But if keeping the nation's missile defense network clean of malware isn't enough incentive to avoid salacious surfing, perhaps the prospect of getting fired might be.

After all, James didn't mince words: MDA workers, they're watching you.

boss yelling at employee and computer porn image courtesy of ShutterStock.

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12 Responses to US Pentagon tells Missile Defense Agency workers to quit surfing porn

  1. Machine_Silver · 809 days ago

    Surely any decent web filtering system should be able to deal with the worst of that? Sounds like they need to have some better controls in place on their systems rather than emailing the employees.

    • Cindy · 809 days ago

      ...especially if it was only a half dozen out of over 8000 employees...

      • Richard · 808 days ago

        It *detected* half a dozen; there's probably hundreds more who found ways around it! :o)

  2. JRD · 808 days ago

    I am super serious. I think they should provide a secondary air-gapped network with terminal / thin-client type systems just for surfing porn. If the guys (and I'm sure it is guys) are bored with nothing to do, they are going to do it anyway. Give them a legit way to get it.

  3. game1 · 808 days ago

    Well, you know the college I attended had a foolproof firewall that blocks ALL sites that aren't related to academic work.(video sites, social networks, game sites and even some news websites. Even proxies doesn't work there.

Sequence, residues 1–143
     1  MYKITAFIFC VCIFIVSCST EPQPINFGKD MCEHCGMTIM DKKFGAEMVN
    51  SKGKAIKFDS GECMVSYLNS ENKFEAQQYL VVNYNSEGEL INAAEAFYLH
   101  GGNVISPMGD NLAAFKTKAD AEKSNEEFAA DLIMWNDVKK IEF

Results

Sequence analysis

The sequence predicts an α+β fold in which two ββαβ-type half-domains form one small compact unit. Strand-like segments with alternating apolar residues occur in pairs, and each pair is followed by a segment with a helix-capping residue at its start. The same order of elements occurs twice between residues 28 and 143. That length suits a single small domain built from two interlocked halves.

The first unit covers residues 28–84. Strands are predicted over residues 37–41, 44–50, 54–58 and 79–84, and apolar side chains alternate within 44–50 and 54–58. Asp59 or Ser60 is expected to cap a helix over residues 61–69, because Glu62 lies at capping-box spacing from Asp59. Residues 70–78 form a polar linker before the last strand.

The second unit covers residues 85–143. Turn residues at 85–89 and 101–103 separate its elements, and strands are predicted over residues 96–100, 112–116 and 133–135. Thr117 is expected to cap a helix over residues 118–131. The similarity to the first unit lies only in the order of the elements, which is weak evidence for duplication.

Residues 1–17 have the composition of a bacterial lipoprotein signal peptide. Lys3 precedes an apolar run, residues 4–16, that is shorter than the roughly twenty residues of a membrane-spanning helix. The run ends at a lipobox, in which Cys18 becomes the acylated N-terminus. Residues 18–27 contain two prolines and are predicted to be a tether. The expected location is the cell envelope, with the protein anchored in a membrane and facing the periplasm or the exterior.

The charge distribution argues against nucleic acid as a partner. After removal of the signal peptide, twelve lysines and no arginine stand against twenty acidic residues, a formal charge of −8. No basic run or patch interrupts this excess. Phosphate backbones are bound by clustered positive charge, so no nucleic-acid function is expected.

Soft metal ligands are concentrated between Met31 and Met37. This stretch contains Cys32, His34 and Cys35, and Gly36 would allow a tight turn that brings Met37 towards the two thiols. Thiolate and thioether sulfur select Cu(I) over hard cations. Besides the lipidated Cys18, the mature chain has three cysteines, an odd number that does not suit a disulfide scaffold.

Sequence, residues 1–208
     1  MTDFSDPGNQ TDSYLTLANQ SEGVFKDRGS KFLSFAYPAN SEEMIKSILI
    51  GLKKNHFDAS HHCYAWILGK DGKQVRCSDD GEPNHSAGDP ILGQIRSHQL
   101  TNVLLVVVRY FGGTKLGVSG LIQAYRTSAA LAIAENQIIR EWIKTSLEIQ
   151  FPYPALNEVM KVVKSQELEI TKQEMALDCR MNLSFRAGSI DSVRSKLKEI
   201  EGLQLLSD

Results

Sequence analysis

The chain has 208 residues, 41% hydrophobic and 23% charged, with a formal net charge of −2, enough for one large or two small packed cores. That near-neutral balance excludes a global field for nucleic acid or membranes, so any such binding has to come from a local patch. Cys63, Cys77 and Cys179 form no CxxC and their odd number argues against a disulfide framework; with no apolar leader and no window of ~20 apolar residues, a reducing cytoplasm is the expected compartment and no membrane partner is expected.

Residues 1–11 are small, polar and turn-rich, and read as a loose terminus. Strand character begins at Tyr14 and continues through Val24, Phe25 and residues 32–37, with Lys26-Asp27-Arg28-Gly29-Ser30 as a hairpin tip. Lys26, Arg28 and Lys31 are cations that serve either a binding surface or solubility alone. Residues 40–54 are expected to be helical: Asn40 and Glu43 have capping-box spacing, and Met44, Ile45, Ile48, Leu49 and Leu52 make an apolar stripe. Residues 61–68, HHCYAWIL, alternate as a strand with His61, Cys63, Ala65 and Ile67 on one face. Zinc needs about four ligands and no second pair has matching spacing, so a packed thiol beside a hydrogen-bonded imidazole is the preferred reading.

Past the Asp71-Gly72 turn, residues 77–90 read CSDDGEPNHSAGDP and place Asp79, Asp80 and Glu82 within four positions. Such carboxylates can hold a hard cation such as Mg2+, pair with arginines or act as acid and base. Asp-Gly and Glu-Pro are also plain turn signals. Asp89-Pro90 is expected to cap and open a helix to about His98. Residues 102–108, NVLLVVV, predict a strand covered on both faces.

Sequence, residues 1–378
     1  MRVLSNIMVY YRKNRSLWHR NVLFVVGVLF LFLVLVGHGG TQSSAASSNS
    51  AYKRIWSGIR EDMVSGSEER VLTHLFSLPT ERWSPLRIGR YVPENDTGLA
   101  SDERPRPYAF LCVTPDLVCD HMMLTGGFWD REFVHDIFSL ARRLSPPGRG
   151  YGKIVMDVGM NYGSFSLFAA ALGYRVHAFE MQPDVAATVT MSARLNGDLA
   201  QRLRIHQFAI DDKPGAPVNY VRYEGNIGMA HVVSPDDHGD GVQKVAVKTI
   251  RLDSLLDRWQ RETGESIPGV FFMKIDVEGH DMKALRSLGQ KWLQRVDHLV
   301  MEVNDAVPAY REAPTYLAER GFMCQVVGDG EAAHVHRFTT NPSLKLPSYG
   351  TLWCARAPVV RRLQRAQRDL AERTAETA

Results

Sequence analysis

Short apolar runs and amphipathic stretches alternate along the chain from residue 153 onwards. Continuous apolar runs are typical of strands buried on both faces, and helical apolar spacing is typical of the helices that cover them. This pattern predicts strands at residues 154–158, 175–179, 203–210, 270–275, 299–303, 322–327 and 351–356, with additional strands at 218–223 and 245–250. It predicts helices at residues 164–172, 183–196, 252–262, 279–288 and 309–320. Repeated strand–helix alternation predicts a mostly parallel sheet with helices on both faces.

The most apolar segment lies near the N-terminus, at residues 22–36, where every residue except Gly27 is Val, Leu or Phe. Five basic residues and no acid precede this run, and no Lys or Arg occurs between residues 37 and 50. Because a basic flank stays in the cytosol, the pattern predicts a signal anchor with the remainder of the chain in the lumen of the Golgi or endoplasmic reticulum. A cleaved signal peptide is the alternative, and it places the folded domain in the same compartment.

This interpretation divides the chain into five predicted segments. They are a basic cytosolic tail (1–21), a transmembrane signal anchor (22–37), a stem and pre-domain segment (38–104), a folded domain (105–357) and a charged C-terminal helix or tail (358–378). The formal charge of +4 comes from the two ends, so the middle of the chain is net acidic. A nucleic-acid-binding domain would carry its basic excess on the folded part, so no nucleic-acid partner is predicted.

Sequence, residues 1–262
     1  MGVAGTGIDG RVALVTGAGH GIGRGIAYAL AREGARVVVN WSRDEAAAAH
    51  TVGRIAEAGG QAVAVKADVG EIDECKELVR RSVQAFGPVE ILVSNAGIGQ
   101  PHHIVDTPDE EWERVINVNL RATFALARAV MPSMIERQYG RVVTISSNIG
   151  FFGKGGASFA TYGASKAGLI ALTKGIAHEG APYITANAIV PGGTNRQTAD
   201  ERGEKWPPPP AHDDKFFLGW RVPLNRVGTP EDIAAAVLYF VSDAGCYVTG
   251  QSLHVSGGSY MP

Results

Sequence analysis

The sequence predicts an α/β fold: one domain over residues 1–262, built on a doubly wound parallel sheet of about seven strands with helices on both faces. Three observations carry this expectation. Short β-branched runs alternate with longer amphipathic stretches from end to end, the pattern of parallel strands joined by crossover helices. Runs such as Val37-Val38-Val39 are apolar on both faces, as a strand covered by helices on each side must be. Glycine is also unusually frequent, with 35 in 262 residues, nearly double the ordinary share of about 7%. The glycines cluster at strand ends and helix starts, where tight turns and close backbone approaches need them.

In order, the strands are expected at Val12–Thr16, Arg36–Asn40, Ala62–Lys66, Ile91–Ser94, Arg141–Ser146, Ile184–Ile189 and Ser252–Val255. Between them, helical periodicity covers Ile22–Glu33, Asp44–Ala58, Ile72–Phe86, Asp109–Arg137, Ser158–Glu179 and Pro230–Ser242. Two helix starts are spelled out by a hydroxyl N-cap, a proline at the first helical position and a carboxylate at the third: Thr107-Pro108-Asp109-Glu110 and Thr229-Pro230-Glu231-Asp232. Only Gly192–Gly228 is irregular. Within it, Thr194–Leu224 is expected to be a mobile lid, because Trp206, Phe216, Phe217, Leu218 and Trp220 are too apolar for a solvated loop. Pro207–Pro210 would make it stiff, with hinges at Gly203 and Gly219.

Whats stopping them?

  4. Mark Fowler · 808 days ago

    Grammarian FYI: the term is "passtime" as in "passing time" not "past time", as in using a time machine.

  5. @KittyDelAmour · 808 days ago

    Why put out a memo to the entire staff if only a half a dozen were at fault? To remind the others to keep behaving? In my line of work, if I were caught accessing porn, I'd be walked out of the building on the spot. I doubt these half-dozen will get much more than a slap on the wrist...

  6. Gomay · 808 days ago

    how stupid can someone be to access such sites when you work for the GOVERNMENT facepalm

  7. Freida Gray · 808 days ago

    If possible,they could just block internet access from those wok computers. Then all employees not just the half dozen would only be able to access the porn on their own computers & on their own time.

  8. Joe · 808 days ago

    Right, quit wasting bandwidth. Play solitaire instead. Solves the boredom problem without risking the network.

    People will always be people.

  9. doc savage · 808 days ago

    Gov needs to just block all non-essential websites

  10. Pringle · 807 days ago

    look ok it was close to impossible to bypass my schools filtering system
    the filter was called netsweeper

    and only the very newest proxies could 'maybe' work but even then, there was still all sorts of algorithms and heuristics.. that's why a really proper filtering system would work

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About the author

I've been writing about technology, careers, science and health since 1995. I rose to the lofty heights of Executive Editor for eWEEK, popped out with the 2008 crash, joined the freelancer economy, and am still writing for my beloved peeps at places like Sophos's Naked Security, CIO Mag, ComputerWorld, PC Mag, IT Expert Voice, Software Quality Connection, Time, and the US and British editions of HP's Input/Output. I respond to cash and spicy sites, so don't be shy.